We reported previously on attacks at four Washington State power substations on Christmas Day. The attacks in the Tacoma area knocked out power to more than 14,000 homes and businesses.
As noted at the time, the Pierce County Sheriff’s Department characterized the attacks as “burglaries.” Meanwhile, NBC hopped straight to “white supremacy” and “right-wing extremism” as the potential motive, referencing prior attacks in North Carolina and unfounded rumors related to those:
Investigators probing the North Carolina attacks were looking at online conspiracy theories to determine whether any played a role, two senior law enforcement officials briefed on the matter said this month.
A prevailing theory was that the outages were intended to shut down a drag performance, “Downtown Divas,” at Sunrise Theater in Southern Pines, North Carolina. Anti-LGBTQ demonstrators targeted the location in the days leading up to the Saturday night event, which continued in the dark before it ended early.
Power infrastructure has long been on the attack wish list of white supremacists and other right-wing extremists who seek American “destabilization,” Brian Levin, the director of the Center for the Study of Hate and Extremism at California State University, San Bernardino, said in February.
Early this year, three men pleaded guilty in connection with a plot to disrupt the electricity grid, sow civil unrest and economic uncertainty, and ultimately trigger a race war, federal prosecutors said at the time.
Two arrests have now been made in relation to the Washington attacks. The purported motive of the attackers? Break-ins of other businesses.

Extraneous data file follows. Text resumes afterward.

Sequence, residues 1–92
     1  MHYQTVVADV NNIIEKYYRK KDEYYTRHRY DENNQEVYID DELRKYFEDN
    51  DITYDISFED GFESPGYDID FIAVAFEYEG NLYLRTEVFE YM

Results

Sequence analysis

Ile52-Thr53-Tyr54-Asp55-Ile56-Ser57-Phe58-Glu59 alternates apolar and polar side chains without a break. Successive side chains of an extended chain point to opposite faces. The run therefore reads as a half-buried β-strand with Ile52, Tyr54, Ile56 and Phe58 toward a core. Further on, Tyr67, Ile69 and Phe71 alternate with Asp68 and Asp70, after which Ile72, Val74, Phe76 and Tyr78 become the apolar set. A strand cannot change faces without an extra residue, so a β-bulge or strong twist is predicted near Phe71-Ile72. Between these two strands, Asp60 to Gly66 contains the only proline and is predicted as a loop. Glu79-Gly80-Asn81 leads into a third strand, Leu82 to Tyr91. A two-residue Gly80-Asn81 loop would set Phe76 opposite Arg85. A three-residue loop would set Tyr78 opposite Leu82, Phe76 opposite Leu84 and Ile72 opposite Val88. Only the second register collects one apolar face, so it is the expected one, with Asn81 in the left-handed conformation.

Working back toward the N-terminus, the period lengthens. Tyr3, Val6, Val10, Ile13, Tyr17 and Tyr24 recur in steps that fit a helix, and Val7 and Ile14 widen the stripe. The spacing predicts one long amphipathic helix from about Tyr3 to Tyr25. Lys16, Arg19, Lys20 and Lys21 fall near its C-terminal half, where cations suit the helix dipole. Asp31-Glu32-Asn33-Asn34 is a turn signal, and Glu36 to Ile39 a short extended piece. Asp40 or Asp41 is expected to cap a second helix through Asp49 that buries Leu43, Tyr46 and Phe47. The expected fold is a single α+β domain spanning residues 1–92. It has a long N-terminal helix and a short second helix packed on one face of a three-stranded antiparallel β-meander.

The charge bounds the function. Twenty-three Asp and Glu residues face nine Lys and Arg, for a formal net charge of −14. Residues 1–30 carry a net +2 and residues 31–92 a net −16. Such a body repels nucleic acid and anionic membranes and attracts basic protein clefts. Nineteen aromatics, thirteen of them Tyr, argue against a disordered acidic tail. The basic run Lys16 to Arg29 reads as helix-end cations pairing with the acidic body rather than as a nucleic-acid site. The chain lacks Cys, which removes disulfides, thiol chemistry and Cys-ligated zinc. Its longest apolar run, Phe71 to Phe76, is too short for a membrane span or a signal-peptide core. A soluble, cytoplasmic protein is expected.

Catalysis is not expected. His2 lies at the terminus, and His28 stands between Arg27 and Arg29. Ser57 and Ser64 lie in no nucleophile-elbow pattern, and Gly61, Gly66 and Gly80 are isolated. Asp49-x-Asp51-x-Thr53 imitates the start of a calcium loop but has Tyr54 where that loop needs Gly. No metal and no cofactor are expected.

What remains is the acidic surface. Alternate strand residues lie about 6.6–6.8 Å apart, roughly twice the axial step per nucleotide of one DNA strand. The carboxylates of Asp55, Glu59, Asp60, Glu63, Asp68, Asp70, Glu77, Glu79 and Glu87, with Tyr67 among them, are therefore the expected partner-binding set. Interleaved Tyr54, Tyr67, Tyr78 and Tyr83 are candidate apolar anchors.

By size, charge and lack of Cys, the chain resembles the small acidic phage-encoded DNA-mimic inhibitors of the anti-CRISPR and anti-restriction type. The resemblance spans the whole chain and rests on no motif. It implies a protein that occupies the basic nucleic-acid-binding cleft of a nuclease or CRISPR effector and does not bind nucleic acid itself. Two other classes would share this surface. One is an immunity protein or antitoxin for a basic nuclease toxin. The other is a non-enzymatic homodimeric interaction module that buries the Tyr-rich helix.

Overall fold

Matthew Greenwood and Jeremy Crahan have been charged with conspiracy to damage energy facilities and Greenwood faces a separate charge of possessing illegal short-barreled rifles.
According to court documents, Greenwood, 32, and Crahan, 40, plotted to knock out power from four substations. While power was out in the first two facilities, the pair broke into a local business to steal from the cash register, Greenwood allegedly told investigators after his arrest.
The pair reportedly caused roughly $3 million worth of damage and, if convicted, face up to 20 years in prison for their actions. The would-be Hans Grubers were nabbed swiftly:
Investigators identified Greenwood and Crahan almost immediately after the attacks took place by using cell phone data that allegedly showed both men in the vicinity of all four substations, according to court documents. Surveillance images cited in the court documents also showed images of one of the men and of the getaway car.
And, despite NBC’s suppositions, CNN notes:
Though investigators have repeatedly warned in recent months of a rise in threats to critical infrastructure by anti-government groups and domestic extremists, prosecutors did not highlight any association between the two defendants in this case and any such organization.